Smiling wooden figure. Photo by Mathew Schwartz on Unsplash
You’ve got cancer! Smile!
Are you kidding me? Smile?
When my doctor told me I had cancer, nothing was the same anymore. Having cancer was like a point of no return. No trace of a smile was found on my face. Only fears and uncertainties filled my whole being.
If you had asked me before I was diagnosed with cancer, my heart was pounding out of my chest. I can’t wait to know if the bump that stayed on my upper right thigh was a tumor or not.
When I met my doctor weeks after my surgical removal, I cried my heart out, but actually, no sound came out of my lips. There are only silent teardrops that filled my eyes.
The news was shocking, I felt dreadful and something that occurred right that instant moment, as if a great wall suddenly built in front of me that I could impossibly get through to my friends and my family anymore. The fear of dying at that moment made me feel so detached from them.
It is never easy for someone diagnosed with cancer to smile.
It is also never easy for someone who cares and wanted to communicate with a patient or survivor. Sometimes words are uncomfortably be uttered.
But YOU can bring a smile to a cancer survivor or patient’s face.
So, if you know someone who is diagnosed with cancer, make your communication simple. With your love, empathy, and smile you can let them know how important he or she in your life.
Showing love doesn’t necessarily have to be from a romantic partner, family or best friend. Sometimes, a stranger is capable to show overwhelming love to someone who is facing something unfamiliar and unpredictable as a cancer diagnosis.
In my journey, I can say that I was so fortunate to feel the love from few people who were there for me during my diagnosis. They are like angels who have this inner beauty that is capable to show great love even from someone who they just met.
Not all cancers are alike, my cancer experience could never be the same as others. Even I met a fellow sarcoma survivor with the same site of tumor with mine, our diagnosis and cancer journey are totally different.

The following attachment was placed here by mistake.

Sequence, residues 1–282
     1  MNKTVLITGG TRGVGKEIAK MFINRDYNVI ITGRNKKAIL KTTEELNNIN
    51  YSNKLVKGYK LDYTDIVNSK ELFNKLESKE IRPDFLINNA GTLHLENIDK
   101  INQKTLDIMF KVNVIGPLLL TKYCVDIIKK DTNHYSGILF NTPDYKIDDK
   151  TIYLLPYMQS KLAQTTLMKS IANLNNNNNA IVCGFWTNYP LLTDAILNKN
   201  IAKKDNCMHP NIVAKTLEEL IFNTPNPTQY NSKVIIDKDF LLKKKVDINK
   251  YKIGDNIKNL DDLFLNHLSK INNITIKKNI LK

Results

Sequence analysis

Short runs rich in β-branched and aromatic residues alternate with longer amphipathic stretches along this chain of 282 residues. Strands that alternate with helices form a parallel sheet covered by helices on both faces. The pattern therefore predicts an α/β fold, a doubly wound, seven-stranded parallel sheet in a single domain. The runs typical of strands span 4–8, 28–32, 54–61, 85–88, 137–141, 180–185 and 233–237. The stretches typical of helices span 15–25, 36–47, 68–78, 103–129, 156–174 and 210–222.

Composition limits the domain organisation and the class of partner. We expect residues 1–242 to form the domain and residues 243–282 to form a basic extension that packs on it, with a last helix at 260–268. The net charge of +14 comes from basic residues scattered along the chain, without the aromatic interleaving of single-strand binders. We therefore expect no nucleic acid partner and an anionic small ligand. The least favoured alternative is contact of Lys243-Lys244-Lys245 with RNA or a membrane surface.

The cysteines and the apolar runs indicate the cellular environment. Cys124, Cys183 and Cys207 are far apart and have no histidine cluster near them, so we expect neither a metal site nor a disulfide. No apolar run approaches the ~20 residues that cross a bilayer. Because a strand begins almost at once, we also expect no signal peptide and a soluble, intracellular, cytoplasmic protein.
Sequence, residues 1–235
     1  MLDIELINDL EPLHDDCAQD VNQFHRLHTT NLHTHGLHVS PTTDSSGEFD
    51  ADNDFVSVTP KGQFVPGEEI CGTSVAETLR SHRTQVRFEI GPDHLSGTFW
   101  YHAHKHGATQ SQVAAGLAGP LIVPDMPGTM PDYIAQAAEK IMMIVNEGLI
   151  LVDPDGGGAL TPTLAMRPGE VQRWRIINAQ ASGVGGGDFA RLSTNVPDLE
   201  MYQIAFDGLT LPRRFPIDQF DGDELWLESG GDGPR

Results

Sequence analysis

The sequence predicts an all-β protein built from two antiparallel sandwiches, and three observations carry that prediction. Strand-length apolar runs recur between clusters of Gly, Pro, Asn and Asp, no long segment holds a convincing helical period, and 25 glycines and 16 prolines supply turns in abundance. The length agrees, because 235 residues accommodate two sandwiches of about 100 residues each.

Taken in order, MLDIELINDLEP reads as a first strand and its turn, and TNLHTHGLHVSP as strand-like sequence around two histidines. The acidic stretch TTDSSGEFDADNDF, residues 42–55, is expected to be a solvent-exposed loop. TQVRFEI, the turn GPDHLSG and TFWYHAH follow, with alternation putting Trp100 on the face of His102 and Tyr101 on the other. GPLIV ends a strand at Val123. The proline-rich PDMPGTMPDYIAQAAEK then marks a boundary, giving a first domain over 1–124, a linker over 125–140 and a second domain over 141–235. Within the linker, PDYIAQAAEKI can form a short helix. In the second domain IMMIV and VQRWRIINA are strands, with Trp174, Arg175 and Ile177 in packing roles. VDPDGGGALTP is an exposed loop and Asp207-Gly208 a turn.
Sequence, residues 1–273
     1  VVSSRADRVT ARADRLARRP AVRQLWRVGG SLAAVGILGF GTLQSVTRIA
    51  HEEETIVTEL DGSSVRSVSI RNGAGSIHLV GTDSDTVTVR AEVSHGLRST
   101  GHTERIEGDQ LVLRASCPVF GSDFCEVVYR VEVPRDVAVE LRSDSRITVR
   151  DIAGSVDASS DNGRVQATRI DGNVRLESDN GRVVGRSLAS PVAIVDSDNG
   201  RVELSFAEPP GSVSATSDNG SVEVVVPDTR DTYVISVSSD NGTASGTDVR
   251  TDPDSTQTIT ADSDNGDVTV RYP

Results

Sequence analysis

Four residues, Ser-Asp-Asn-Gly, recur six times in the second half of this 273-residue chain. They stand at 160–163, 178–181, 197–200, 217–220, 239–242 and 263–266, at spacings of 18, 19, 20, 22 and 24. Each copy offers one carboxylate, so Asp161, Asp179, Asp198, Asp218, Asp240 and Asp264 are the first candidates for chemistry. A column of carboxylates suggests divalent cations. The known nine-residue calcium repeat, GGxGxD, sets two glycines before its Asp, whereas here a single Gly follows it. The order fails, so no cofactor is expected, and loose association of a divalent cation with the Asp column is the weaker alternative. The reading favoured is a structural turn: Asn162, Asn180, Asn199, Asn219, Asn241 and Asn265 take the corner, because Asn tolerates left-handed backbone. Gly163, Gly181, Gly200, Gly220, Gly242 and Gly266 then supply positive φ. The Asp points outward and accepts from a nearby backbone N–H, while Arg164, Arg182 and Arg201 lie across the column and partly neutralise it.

Make your love known to someone has cancer simple by simply listening to him/her. No matter how hard we try to understand them, you will never really understand what they’re going through. Showering advice to someone that has cancer may not actually assure you that they will feel better. Because, sometimes, all they need is someone who can listen to them.
Why empathy, not sympathy?
“Empathy is the thread that connects us to other humans. When empathy is used in everyday life, it makes us feel more connected to one another. And when we feel connected to those around us, we into better, more compassionate people.” Brene Brown
How can you connect yourself to someone who is suffering from pain every minute, every day? When a “no respond” from your questions makes you already disappointed and leave that person alone.
Why not show some small act of kindness? Maybe make a relaxing tea for him/her, make a quick grocery before you visit a friend that has cancer or leave a simple message/note (written or digital). It’s these little things that can make a difference that might change the mood of a cancer patient/survivor.
A smile can be a verb or noun, it’s a facial expression showing how kind and amusing you are where your lips turn up and the front teeth exposed. But a smile is not just a simple definition.
A smile is a very powerful thing that cost nothing but gives much.
There is nothing much to smile about for someone who has cancer. Maybe your smile is needed today. Your smile can bring hope and encouragement to those who suffer from cancer.
A happy person can have 40 to 50 times smile in one day. An average one can have 20 times, why not give one of your smiles to someone you know who is now suffering from the pain cancer has brought?
Had you given a smile to someone who has cancer yet? Or maybe suffering from any chronic illnesses or pain, or maybe depression.
If you haven’t yet, don’t wait for tomorrow. Give one of yours now. Smile!!!
And don’t forget to share your thoughts, leave a comment below!
🌐 I’m the author of “The Cancer Voice Asia”, and I want to share my experience with cancer to help you through yours. We create a special network of people living with similar experiences that allows us to empower ourselves and helps us to fight against the disease.
👩🔬I was diagnosed with Leiomyosarcome in 2016, when I was 29 years old. My healing journey becomes your healing journey, and I want to use this platform to inspire people all over the world.